For southern Africa’s wild dogs to survive, they must mingle. The importance of transboundary conservation areas has been highlighted again recently when research showed that isolated wild dog populations could be detrimental to the future of this endangered species.
According to a research project by the University of Johannesburg (UJ) in collaboration with the Endangered Wildlife Trust (EWT), the wild dogs in the Kruger National Park (KNP) are genetically different than those in the Lowveld of Zimbabwe. This is a sign that natural dispersal between these populations is limited and highlights the importance of connecting protected areas.
The project team looked at whether the Greater Limpopo Transfrontier Conservation Area (GLTFCA) successfully connects the KNP populations with those in Zimbabwe’s Gonarezhou National Park. The GLTFCA includes the KNP, Limpopo National Park in Mozambique, Gonarezhou, the Manjinji Pan Sanctuary and Malipati Safari Area in Zimbabwe. Together, they host about a tenth of the global wild dog population.
“Zimbabwe is one of the few places where wild dogs still roam freely,” says UJ animal genetics PhD student Laura Tensen. If the dogs dispersed naturally between these areas, expensive translocations could be avoided in the future and also encourage population growth. If dispersal between the protected areas does not occur, this could result in problems for the Kruger and Gonarezhou wild dogs.
One of the major problems associated with low genetic variety in areas where dispersal does not take place is inbreeding. “The diversity in isolated populations will decrease quickly and that will impact breeding success,” says Tensen. Inbred dogs also face a greater challenge adapting to changing environmental conditions such as droughts and diseases. “Effectively, the population size will decrease further if the wild dogs are unable to disperse.”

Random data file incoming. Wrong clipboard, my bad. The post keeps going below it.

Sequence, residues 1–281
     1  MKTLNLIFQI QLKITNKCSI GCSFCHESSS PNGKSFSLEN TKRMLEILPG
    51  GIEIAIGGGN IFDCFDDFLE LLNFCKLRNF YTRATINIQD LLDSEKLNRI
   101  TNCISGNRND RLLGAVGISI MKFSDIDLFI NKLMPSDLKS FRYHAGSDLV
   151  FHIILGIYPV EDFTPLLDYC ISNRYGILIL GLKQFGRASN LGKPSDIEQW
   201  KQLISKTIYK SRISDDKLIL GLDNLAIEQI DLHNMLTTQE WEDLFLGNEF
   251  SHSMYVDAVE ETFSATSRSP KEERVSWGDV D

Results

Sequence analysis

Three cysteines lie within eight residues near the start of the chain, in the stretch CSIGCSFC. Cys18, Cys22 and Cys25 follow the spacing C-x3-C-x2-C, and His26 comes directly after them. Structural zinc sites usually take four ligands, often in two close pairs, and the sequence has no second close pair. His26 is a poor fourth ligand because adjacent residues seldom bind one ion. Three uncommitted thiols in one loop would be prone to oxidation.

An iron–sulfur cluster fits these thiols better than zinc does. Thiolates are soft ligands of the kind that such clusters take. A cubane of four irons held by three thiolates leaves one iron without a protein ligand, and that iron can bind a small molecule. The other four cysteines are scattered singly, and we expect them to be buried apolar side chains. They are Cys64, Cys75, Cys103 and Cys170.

While limited dispersal does take place, it is not enough. “For now the genetic diversity is enough to avoid severe inbreeding, but over about 10 generations there won’t be much diversity left.”
In theory, the solution should be easy. “Immediate strategies should focus on increasing the quality of habitat corridors between reserves in the GLTFCA,” explains Tensen. In addition higher wild dog survival rates must be secured in unprotected areas, she says. Dr Kelly Marnewick, Carnivore Conservation Programme manager for the EWT confirms this. “There is a lack of safe habitat for them to exist so there are just over 450 animals in South Africa. They get shot, snared and are vulnerable to diseases carried by unvaccinated domestic dogs.”
Tensen’s project will now be expanded to look at the dispersal between wild dogs in Zimbabwe and Mozambique, but says that this research alone is not enough to sound warning bells, as one needs to look at the entire picture. Combined with information such as life history, pup survival rate, causes of death and litter sizes, one can get a better understanding of the current situation.
Written by René de Klerk – SANParks Times Reporter
Pictures: Laura Tensen
Content courtesy of SANParks Times: www.sanparkstimes.co.za